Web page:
top of page
BB Howcroft photo.JPG
BB Howcroft txt.JPG

695256 DVR. R. HOWCROFT. R.F.A.


Richard Howcroft was born in the second quarter of 1890 in Bamber Bridge and baptised at Preston St Mary’s on 3 August.  His father was Richard Howcroft (b. 1865 in Much Hoole), a general labourer in a cotton mill.  His mother was Alice Mercer (b. 1865 in Preston).  Richard and Alice were married at St Saviour’s in Bamber Bridge on 12 June 1886 and they had 10 children but lost 4 in infancy.  The survivors were: Isabella (b. 1888), then Richard, then Lily (b. 1895), Ellen (b. 1897), Robert (b. 1899) and finally Thomas (b. 1902).  In 1911, the family was living at 1 Co-operative Street, Bamber Bridge.  The two youngest children were at school, the rest worked in a cotton mill; Richard jnr was a cotton spinner’s piecer.

Richard enlisted in the Royal Field Artillery on 17 April 1912, when he was 21 years old.  He joined the 11th Battery of the 2nd West Lancashire Brigade.  His initial service number was 1063 but he later transferred to 1/1 West Lancashire Divisional Ammunition Column with new service number 457.  He was called up at the start of the War and later assigned service number 695256.  He was posted to “A” Battery of 267 Brigade, which was Divisional Artillery for 53rd (Welsh) Brigade.  Richard embarked at Devonport on 17 May 1915 to join the Mediterranean Expeditionary Force and he landed with them at Alexandria some weeks later.  In November 1915, he was briefly in Salonika but he then returned to Egypt.  The infantry units of 53rd (Welsh) Division had gone to Gallipoli, landing at Suvla Bay on 9 July 1915, but the artillery remained in Egypt.  The infantry units suffered terrible losses in the landing at Suvla Bay and in the appalling winter conditions.  The surviving men left Gallipoli in December, and by January 1916 the infantry and artillery units were back together at Wardan, near Cairo.  58th Division then fought through the Palestine campaign of 1917 and 1918, including the Battles of Gaza (March, April and October 1917), and the capture and defence of Jerusalem (December 1917).  In 1917, Richard was assigned to 53rd Divisional Ammunition Column, where he served alongside 695094 William Parkinson, also from Bamber Bridge.  In March 1918, they fought at the Battle of Tell’Asur.  During the summer of 1918, the Division was ‘Indianised’, in other words, the British infantry units were replaced by Indian units and the British infantrymen were sent to France, though the artillery remained in Palestine.  After the Battle of Nablus (September 1918), the Division was withdrawn back to Tell’Asur and by 27 October it returned to Alexandria, and it was here that they received news of the armistice with Turkey on 31 October.  Demobilised troops began to return to England on 22 December 1918, but this was too late for Richard Howcroft, who had died in Alexandria of influenza and pneumonia on 24 November.  He was 28 years old.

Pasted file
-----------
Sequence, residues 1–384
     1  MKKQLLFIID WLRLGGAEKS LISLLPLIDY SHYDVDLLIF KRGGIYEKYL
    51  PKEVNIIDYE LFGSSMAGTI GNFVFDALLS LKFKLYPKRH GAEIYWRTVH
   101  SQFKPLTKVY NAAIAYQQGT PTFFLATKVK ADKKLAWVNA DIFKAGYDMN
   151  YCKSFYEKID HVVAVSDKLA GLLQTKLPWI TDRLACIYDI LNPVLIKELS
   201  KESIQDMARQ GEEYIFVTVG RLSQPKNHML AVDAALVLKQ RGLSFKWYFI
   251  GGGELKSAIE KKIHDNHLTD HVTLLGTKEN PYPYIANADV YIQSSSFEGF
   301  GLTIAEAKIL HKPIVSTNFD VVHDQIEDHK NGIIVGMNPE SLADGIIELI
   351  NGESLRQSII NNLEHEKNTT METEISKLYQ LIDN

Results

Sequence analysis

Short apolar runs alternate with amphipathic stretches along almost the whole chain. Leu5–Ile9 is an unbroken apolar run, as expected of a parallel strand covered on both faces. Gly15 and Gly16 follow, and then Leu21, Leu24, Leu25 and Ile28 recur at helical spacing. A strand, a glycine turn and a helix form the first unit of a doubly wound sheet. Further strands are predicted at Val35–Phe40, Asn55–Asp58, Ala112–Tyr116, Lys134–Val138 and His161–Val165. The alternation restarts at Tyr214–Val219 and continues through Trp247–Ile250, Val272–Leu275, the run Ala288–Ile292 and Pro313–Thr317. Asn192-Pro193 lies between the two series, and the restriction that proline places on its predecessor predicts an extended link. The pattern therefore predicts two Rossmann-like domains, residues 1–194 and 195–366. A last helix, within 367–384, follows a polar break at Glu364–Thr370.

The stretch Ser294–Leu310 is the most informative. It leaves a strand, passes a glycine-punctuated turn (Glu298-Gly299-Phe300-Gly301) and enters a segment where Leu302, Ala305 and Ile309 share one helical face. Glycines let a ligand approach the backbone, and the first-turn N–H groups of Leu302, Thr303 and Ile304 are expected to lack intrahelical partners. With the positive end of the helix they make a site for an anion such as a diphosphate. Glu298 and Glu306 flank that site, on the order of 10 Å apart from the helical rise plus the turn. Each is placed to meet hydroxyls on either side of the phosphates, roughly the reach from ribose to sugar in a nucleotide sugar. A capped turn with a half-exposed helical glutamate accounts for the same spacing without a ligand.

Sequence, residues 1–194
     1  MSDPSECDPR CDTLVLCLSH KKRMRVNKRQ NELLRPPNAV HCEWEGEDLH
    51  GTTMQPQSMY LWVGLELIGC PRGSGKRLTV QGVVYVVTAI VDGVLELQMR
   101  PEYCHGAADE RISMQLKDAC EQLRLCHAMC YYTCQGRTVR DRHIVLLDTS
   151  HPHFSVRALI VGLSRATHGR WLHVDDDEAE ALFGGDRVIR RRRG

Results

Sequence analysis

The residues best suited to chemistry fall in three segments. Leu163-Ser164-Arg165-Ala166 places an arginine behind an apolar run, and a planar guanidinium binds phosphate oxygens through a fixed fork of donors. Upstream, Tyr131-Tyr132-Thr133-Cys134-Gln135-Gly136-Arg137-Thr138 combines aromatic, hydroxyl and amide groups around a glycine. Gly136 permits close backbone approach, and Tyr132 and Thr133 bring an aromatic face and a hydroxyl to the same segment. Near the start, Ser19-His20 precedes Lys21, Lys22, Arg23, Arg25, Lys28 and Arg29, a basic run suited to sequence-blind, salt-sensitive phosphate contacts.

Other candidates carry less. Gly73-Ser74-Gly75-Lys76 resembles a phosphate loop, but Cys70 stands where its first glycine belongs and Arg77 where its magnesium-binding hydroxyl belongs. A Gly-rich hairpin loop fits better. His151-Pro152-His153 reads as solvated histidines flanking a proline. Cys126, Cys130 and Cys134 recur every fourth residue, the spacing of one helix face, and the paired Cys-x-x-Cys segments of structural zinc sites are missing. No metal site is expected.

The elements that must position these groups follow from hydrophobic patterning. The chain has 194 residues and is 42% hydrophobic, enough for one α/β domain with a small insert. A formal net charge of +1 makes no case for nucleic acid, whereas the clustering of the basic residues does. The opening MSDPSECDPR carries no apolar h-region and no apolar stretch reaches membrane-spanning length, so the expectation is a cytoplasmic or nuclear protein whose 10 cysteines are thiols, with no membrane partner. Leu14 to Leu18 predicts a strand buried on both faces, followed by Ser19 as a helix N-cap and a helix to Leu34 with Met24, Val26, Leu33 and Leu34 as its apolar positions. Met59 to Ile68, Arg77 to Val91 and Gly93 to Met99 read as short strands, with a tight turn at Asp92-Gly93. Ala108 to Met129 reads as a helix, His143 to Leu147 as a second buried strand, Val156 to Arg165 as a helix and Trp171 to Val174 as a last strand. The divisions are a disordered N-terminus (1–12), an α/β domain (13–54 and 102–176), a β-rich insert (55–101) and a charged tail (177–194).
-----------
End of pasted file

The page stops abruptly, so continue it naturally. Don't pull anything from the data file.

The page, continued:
Rank:  Driver

Service Number:  695256

Date of Death:  24/11/1918

Age: 28

Regiment/Service:  Royal Field Artillery, "A" Bty. 267th Bde. 
Cemetery/memorial reference: E. 219.


Additional Information:  Son of Mrs. A. Howcroft, of 1 Co-operative Street, Bamber Bridge, Preston, Lancs.

bottom of page